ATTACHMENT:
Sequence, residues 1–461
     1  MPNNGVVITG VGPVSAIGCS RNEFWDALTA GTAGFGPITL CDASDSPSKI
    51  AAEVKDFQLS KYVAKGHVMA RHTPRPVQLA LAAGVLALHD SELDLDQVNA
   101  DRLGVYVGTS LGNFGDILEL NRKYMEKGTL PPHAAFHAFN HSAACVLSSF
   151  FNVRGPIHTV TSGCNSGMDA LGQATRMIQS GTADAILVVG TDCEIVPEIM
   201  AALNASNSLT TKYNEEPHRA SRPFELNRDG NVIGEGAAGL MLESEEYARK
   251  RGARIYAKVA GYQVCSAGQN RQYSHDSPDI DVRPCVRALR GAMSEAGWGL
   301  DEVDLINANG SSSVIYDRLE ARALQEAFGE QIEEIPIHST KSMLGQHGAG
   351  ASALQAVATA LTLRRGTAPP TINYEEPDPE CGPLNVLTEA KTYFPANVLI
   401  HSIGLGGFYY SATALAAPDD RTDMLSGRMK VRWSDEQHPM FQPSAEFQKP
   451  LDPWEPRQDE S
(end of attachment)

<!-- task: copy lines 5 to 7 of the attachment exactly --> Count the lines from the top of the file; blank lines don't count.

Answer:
   151  FNVRGPIHTV TSGCNSGMDA LGQATRMIQS GTADAILVVG TDCEIVPEIM
   201  AALNASNSLT TKYNEEPHRA SRPFELNRDG NVIGEGAAGL MLESEEYARK
   251  RGARIYAKVA GYQVCSAGQN RQYSHDSPDI DVRPCVRALR GAMSEAGWGL